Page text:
Fiscal Policy in Oil Producing Countries During the Recent Oil Price Cycle

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This paper presents a detailed analysis of the average fiscal policy responses of oil producing countries (OPCs) to the recent oil price cycle. We find that OPCs worsened their non-oil primary balances substantially during 2003-2008 driven by an increase in primary spending. However, this trend was partially reversed when oil prices went down in 2009. We also find evidence that fiscal policy has been procyclical and has hence exacerbated the fluctuations in economic activity. In addition, we estimate that a small reduction in oil prices could lead to very large financing needs in the near future. Finally, we show that long-term fiscal sustainability positions in OPCs have worsened.


This paper presents a detailed analysis of the average fiscal policy responses of oil producing countries (OPCs) to the recent oil price cycle. We find that OPCs worsened their non-oil primary balances substantially during 2003-2008 driven by an increase in primary spending. However, this trend was partially reversed when oil prices went down in 2009. We also find evidence that fiscal policy has been procyclical and has hence exacerbated the fluctuations in economic activity. In addition, we estimate that a small reduction in oil prices could lead to very large financing needs in the near future. Finally, we show that long-term fiscal sustainability positions in OPCs have worsened.

I. Introduction

This paper presents a detailed analysis of the fiscal policy in oil producing countries (OPCs) during the recent oil price cycle. From the outset we emphasize that our main goal is to document facts. We structure the analysis around groups of countries clustered by income level and focus on two periods: the “boom” years of 2004–08 and the more recent “receding” of oil prices. We aim to capture broad fiscal policy trends for each of the groups through simple averages and the statistical median but the significant diversity of the OPCs in the sample has to be borne in mind and is highlighted when appropriate.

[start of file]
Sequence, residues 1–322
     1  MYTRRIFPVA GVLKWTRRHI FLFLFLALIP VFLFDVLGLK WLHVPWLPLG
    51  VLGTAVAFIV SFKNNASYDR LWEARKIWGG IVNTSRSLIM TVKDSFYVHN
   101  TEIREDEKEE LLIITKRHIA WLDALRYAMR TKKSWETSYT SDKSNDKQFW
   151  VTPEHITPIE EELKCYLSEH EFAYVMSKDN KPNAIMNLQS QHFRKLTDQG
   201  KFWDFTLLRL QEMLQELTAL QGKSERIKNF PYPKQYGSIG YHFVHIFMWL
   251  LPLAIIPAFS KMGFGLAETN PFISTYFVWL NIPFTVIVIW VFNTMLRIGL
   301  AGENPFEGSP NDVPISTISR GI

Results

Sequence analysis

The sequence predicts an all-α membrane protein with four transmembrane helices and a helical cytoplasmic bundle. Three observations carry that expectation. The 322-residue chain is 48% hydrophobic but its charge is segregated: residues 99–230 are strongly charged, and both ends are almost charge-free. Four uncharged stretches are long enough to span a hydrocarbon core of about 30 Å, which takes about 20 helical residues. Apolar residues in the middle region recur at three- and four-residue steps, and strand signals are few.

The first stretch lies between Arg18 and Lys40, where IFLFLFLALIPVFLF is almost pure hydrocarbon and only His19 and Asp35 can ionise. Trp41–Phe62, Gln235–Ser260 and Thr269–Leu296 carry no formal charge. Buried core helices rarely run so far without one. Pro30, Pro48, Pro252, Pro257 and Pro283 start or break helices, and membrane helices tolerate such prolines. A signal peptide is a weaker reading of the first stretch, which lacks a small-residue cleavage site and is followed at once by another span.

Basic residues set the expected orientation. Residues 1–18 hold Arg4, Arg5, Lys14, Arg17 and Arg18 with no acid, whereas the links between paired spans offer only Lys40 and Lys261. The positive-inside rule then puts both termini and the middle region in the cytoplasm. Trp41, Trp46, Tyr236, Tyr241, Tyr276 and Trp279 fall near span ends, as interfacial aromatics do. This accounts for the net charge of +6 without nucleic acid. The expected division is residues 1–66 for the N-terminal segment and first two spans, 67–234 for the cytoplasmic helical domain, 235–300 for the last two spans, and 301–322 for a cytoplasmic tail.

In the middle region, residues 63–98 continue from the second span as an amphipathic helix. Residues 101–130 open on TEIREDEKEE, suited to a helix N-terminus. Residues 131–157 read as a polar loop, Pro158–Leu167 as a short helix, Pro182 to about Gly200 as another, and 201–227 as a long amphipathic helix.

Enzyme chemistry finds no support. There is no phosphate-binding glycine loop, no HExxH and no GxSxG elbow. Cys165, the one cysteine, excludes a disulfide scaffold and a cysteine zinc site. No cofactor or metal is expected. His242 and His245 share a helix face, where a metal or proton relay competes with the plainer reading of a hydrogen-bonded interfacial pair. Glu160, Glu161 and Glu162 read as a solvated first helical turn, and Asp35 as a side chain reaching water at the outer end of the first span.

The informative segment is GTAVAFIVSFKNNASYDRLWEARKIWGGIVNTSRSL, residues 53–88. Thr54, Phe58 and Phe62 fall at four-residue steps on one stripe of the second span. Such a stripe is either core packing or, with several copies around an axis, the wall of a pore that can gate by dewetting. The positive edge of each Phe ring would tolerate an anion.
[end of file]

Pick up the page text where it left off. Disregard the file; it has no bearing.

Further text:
Our paper focuses on various dimensions of fiscal policy in OPCs, ranging from the short-term fiscal policy stance to long-term sustainability, which are more or less relevant to individual countries depending on their specific circumstances. We first go over the recent evolution of oil prices and examine the evolution of various fiscal indicators. We discuss the overall fiscal balance, the non-oil primary balance, the non-oil cyclically adjusted primary balance, expenditure growth, the composition of expenditure, and the “use” of “windfall” oil revenue. We will show that the most commonly used fiscal indicators need to be refined in order to better assess the fiscal policy stance. We find that there was a large fiscal expansion in “boom” years and a fiscal tightening in 2009. Fiscal expansions were basically the result of increases in primary spending, particularly capital spending. Increases in current spending played a more critical role in low-income OPCs.

We then assess the “stabilization” role played by fiscal policy and find evidence of procyclical fiscal policies across OPCs. We break down fiscal policy outcomes into “discretionary” and “automatic” components to examine whether fiscal policy contributed to dampen or magnify macroeconomic volatility. Using a methodology specially tailored to OPCs to adjust fiscal policy outcomes for the business cycle, we find that, on average, fiscal policy has been procyclical and, hence, exacerbated fluctuations in economic activity. Interestingly, we find that the degree of fiscal policy procyclicality has been, on average, negatively related to the income level.

Next we study the vulnerability of some OPCs to changes in oil prices and find that a relatively small fall in oil prices could lead to a substantial increase in net financing needs, absent fiscal or exchange rate policy responses. We estimate the effect of a US$10 per barrel reduction in oil prices in government oil revenues on a subsample of mostly low- and middle-income countries that did not accumulate substantial financial buffers in the boom period and find that it would result in unusually high fiscal deficits and quite low international reserve coverage in a few of them.